Schools feed hungry kids through summer break

Schools feed hungry kids through summer break

(Mike DeBernardo, KSL TV)

Save Story
Leer en español

Estimated read time: 2-3 minutes

This archived news story is available only for your personal, non-commercial use. Information in the story may be outdated or superseded by additional information. Reading or replaying the story in its archived form does not constitute a republication of the story.

SALT LAKE CITY – While many parents across Utah are finding ways to keep their kids entertained over the summer break, others are just trying to find ways to keep their kids fed. Some school districts are preparing meals for low-income families that usually lose access to school food during the summer break.

When kids don’t have access to school meals, low-income families depend on agencies like the Utah Food Bank. That organization is teaming with others to provide meals at parks and libraries all over the state, and they expect this season to be extremely busy.

Utah Food Bank communications director Heidi Canella said, “This summer, we’re projecting that we’ll provide 100,000 free meals for kids. Those could be at different parks around the state and different libraries. We have a variety of sites.”

Canella said they have two problems in the summer: not only is the need high, but the supply is low.

“Donations slow down as families who are typically in a position to give are focusing on things like summer vacations,” she added.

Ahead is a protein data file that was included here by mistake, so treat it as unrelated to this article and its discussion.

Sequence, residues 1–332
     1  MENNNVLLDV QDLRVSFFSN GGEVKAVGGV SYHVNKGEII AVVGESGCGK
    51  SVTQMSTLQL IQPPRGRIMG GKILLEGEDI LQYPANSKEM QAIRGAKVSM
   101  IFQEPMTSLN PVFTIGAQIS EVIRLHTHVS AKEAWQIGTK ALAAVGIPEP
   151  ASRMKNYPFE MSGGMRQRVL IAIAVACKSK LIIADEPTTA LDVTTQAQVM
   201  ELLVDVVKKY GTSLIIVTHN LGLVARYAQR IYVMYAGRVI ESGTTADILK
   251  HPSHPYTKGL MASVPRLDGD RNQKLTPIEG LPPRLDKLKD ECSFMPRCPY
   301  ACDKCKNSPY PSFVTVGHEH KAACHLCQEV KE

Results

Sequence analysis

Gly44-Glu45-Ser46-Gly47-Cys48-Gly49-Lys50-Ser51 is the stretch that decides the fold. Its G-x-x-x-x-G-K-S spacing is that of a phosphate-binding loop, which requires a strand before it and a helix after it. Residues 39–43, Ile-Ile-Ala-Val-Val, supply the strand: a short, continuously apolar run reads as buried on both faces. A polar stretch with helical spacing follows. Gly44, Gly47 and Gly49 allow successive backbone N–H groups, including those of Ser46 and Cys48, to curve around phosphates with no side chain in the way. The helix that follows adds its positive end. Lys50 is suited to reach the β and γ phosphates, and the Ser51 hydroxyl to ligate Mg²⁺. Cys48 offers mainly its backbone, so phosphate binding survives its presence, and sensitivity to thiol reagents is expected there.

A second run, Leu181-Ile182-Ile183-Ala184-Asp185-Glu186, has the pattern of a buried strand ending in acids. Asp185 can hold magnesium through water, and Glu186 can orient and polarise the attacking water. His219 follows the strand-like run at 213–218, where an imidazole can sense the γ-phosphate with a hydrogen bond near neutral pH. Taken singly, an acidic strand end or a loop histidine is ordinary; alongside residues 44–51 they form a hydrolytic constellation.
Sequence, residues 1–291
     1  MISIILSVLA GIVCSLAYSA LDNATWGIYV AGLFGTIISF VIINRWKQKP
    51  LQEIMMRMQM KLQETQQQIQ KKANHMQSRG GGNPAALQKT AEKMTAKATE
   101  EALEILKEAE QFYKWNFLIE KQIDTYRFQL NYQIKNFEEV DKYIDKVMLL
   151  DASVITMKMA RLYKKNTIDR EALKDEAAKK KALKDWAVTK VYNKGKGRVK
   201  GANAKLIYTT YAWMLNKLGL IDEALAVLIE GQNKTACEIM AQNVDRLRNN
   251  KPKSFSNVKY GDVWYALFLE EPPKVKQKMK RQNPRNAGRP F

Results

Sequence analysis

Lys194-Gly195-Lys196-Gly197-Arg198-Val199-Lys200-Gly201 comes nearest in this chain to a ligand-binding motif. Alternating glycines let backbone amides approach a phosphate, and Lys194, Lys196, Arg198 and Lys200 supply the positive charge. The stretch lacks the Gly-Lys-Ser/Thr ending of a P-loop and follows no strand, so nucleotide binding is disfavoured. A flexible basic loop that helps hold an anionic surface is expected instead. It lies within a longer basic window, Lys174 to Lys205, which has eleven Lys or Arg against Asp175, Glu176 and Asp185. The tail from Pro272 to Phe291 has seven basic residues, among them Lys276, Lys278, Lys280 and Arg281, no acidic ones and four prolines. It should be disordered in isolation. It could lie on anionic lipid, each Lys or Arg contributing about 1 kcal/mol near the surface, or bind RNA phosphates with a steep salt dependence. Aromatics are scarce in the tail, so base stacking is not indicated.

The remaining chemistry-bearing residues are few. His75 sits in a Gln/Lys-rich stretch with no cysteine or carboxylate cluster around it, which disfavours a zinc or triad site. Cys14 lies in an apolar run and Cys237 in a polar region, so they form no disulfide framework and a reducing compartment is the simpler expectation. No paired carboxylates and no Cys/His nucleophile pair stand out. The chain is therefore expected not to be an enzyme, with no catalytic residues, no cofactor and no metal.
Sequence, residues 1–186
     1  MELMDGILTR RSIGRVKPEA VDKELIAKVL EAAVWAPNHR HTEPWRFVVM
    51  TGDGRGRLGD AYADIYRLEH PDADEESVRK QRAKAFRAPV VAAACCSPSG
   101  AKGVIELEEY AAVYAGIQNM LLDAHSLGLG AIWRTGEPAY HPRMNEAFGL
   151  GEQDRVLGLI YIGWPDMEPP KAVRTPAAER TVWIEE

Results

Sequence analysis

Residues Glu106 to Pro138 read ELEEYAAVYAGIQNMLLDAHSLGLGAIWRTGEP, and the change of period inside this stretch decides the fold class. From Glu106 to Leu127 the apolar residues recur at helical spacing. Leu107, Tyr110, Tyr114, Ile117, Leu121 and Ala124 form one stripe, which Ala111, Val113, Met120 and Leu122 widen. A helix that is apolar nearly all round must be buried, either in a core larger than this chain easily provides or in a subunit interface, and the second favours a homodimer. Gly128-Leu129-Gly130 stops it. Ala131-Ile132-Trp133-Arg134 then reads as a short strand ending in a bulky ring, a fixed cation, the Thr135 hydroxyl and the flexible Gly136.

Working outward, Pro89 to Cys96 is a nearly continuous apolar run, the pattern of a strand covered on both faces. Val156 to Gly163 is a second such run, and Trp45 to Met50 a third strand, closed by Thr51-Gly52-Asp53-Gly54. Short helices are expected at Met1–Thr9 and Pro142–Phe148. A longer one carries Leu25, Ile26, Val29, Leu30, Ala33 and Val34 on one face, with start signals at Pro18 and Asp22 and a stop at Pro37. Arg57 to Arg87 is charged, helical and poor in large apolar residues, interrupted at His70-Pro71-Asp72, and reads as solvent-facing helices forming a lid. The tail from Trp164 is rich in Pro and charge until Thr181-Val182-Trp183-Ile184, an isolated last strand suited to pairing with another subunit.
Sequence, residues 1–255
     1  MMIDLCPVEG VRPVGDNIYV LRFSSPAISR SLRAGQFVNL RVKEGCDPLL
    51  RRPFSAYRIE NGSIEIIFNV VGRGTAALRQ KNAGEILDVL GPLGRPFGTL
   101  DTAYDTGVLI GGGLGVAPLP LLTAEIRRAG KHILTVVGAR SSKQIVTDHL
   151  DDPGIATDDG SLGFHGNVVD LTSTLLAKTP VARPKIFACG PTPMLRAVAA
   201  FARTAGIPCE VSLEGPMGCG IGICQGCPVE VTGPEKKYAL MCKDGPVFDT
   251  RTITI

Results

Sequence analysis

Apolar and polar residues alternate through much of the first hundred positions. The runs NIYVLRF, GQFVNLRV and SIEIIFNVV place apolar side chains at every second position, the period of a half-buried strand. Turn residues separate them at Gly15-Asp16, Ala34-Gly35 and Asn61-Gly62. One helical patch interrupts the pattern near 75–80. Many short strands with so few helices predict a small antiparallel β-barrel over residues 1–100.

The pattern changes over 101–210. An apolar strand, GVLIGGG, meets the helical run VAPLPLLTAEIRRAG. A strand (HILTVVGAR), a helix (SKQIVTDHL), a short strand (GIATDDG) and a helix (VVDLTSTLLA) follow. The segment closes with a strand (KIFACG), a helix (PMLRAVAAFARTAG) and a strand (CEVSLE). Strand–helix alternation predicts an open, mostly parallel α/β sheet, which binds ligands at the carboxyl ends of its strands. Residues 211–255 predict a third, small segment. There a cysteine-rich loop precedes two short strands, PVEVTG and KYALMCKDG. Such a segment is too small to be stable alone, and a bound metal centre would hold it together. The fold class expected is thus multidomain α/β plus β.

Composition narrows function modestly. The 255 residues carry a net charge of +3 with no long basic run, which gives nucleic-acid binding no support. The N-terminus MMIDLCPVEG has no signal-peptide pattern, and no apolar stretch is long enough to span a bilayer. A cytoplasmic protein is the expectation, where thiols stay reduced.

The Salt Lake School District is kicking off its summer meal program, where they’ll serve breakfast and lunch in 17 school across the city. District Child Nutrition Programs field supervisor Katie Kapusta said they picked those schools for a specific reason.

“These are all high-need areas, and a lot of the students really rely on the meals during the school year," Kapusta said. "So, it’s meant to bridge that gap in the summer months where they may not be eating at home.”

The program is open for all kids 18 years old and younger. Kapusta said the program is about more than just food.

“It’s nice to see all the kids coming to the park together and eating lunch under a shady tree," she said. "It’s a nice sense of community and it’s a meal we know they need.”

Related links

Most recent Utah stories

Related topics

Paul Nelson


    Get informative articles and interesting stories delivered to your inbox weekly. Subscribe to the Trending 5.
    By subscribing, you acknowledge and agree to's Terms of Use and Privacy Policy.

    KSL Weather Forecast